Chronic traumatic encephalopathy (CTE) has been in the news a couple of times this week. Tuesday, BMX rider and MTV show host Dave Mirra was in the news following his suicide in February. He was experiencing chronic brain damage before he took his own life. Chronic traumatic encephalopathy can lead to memory loss, dementia, and depression. It is also linked to Alzheimer’s. Mirra had several accidents in his career, including one leading up to the Summer X Games in 2006 where he landed straight on his head from 16 feet above the ground.
Wednesday, Bubba Smith, an NFL player and movie actor, was in the news following his 2011 death. He died of an overdose on a weight loss drug. He also had CTE. This chronic brain damage is common in football players. Smith is the 90th former NFL player out of 94 players who had CTE and were examined in the Boston University Brain Bank. The doctors rated his CTE on a scale from one to four. He was suffering from stage three CTE, which affected his planning and decision-making.
Chronic traumatic encephalopathy has also gained media attention in the past regarding the suicides of NFL player Junior Seau and professional wrestler Chris Benoit, who was involved in a murder-suicide. In 2012, there was a class action lawsuit against the NFL for hiding the connection between concussions and CTE. The league wanted to dismiss the lawsuit, but they ended up agreeing to a settlement early last year that awards each retired player $5 million for serious medical conditions related to chronic head trauma.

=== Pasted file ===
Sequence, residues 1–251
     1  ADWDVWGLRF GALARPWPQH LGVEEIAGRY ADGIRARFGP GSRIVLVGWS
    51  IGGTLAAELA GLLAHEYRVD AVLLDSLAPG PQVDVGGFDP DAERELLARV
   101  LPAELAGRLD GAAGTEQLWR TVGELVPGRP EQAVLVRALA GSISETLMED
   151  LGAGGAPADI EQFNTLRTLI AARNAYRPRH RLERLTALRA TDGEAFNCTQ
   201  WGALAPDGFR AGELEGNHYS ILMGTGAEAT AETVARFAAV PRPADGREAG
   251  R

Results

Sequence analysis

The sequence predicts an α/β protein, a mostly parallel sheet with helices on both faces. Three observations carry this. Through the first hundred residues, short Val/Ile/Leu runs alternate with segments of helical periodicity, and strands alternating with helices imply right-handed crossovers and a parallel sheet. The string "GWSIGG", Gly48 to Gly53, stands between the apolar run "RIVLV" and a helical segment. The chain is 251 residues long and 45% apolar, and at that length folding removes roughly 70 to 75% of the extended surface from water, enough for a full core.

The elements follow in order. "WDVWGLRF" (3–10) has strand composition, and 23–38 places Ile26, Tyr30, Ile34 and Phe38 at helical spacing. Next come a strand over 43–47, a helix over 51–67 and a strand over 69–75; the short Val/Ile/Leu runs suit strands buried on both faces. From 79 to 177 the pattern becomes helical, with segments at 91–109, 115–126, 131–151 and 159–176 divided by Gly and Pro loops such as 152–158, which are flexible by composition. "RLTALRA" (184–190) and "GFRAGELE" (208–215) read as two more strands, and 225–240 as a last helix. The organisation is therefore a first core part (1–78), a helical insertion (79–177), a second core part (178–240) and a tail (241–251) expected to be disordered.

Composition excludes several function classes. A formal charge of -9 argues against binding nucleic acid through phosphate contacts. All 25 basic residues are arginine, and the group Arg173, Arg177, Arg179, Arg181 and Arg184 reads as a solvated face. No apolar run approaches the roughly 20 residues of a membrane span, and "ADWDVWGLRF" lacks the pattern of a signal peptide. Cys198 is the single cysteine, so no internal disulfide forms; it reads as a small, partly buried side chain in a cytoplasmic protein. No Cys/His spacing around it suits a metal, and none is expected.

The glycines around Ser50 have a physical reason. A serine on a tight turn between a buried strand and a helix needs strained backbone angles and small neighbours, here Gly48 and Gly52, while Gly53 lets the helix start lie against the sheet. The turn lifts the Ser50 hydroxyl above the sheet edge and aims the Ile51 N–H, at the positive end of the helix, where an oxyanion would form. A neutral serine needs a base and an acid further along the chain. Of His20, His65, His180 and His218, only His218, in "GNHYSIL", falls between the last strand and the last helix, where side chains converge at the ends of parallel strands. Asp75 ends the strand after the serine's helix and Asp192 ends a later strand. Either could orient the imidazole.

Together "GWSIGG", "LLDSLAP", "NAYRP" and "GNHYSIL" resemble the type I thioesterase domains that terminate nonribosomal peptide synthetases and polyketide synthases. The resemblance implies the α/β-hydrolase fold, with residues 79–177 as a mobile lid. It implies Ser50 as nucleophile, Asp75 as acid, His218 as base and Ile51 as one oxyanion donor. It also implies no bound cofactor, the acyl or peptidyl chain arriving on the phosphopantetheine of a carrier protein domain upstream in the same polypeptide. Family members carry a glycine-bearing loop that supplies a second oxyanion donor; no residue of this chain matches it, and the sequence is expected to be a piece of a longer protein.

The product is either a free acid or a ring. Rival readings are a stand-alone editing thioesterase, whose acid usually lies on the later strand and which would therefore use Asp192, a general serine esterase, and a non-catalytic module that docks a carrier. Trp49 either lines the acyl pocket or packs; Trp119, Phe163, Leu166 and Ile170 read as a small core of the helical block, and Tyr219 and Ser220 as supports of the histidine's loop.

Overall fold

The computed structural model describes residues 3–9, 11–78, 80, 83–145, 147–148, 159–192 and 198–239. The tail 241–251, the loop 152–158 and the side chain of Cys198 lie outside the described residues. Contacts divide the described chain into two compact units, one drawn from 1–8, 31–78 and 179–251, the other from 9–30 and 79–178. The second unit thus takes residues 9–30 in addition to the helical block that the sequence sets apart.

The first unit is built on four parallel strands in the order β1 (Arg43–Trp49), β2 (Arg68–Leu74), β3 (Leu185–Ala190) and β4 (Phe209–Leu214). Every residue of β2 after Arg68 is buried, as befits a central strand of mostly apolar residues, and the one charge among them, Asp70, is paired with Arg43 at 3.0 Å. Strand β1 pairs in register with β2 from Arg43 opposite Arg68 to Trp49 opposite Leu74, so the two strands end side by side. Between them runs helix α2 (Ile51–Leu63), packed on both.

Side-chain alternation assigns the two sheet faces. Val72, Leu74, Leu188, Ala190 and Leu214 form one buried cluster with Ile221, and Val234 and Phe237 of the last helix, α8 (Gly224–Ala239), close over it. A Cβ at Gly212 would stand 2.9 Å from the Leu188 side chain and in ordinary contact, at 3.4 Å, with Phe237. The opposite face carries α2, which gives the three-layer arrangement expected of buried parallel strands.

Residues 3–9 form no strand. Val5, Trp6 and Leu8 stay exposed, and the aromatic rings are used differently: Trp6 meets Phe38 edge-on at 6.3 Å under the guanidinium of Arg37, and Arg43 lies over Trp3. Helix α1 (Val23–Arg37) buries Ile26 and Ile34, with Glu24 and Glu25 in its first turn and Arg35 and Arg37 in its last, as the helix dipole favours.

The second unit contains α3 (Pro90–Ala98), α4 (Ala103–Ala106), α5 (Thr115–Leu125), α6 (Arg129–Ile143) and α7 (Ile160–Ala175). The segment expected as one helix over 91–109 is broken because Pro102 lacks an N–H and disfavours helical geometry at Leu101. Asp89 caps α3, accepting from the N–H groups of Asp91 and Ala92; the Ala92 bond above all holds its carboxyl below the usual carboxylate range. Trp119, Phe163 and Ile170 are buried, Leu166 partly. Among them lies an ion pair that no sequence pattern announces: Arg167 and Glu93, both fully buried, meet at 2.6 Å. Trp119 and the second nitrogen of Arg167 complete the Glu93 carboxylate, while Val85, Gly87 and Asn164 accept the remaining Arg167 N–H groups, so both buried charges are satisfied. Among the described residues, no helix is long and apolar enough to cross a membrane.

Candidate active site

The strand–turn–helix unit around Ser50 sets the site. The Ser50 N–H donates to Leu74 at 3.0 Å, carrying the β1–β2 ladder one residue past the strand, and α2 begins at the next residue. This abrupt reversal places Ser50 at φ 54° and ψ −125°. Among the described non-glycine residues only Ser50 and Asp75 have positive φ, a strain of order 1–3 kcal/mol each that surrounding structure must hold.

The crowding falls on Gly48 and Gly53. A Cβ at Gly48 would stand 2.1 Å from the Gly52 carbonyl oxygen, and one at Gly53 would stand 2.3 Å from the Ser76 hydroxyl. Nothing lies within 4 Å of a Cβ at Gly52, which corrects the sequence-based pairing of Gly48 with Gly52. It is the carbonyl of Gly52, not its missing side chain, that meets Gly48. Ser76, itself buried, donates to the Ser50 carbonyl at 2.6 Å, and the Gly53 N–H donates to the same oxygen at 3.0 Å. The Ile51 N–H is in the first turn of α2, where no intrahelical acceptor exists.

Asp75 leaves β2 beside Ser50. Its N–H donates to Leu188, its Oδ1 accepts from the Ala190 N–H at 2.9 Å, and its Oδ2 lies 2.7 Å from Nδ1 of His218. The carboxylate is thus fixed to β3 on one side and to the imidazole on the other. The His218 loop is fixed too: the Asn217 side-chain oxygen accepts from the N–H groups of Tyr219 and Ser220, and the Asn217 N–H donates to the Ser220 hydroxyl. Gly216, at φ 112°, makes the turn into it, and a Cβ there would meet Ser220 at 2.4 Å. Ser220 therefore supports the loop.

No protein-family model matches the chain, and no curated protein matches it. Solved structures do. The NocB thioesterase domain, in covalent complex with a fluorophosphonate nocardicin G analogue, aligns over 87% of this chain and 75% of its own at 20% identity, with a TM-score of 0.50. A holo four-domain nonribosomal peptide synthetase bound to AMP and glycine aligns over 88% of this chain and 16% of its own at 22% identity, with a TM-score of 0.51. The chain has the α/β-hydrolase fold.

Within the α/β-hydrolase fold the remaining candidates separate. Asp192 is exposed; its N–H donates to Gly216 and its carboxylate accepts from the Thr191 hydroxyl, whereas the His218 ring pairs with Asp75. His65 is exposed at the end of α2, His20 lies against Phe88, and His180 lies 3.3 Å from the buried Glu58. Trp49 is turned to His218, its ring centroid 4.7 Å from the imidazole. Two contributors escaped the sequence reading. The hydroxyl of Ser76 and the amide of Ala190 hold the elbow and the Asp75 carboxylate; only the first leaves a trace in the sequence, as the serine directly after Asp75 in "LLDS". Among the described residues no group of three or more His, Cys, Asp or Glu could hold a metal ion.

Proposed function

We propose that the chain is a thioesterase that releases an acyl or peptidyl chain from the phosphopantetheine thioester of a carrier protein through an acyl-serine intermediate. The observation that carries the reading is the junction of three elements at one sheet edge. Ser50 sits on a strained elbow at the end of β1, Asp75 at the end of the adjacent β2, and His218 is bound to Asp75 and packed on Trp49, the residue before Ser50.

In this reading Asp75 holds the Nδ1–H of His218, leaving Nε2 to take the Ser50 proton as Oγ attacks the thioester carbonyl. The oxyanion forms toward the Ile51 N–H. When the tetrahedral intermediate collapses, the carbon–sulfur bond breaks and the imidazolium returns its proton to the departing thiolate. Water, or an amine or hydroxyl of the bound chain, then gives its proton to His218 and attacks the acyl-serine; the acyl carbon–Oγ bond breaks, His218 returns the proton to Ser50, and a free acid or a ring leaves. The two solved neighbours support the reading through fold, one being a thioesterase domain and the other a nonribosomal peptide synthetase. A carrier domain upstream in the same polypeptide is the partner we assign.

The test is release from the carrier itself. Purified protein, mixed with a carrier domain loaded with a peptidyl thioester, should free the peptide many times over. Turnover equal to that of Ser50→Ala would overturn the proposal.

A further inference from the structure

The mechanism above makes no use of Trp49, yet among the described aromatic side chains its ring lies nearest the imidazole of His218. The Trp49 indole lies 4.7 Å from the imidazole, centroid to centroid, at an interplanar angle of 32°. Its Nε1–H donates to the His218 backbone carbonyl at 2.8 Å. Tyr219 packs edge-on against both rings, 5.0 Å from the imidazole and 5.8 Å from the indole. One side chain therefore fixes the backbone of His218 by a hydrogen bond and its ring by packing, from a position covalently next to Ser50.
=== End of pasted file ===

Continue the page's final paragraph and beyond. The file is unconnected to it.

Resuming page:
Tau protein deposits appear in cases of repeated head injury, jamming up the brain circuitry. The knowledge of CTE began in boxers. Research of CTE was based on clinical diagnosis.
Chronic traumatic encephalopathy does not only impact professional football players. It can also impact those who only played in school or in college. Too much of the focus on understanding CTE is being spent on the autopsy results. CTE, like almost any other neurological diagnosis can be made during the life of the person who is suffering its effect. But if those who are publishing research findings into this disease do not broaden the inquiry into taking what we have learned from those have died to help the living, this misconception could become the medical standard of care.
Autopsy is only the final word on brain pathology. Lifetime diagnosis of all neurological conditions has to be demanded. Those who are suffering from chronic traumatic encephalopathy need our help more than we need a confirmation of the condition on autopsy.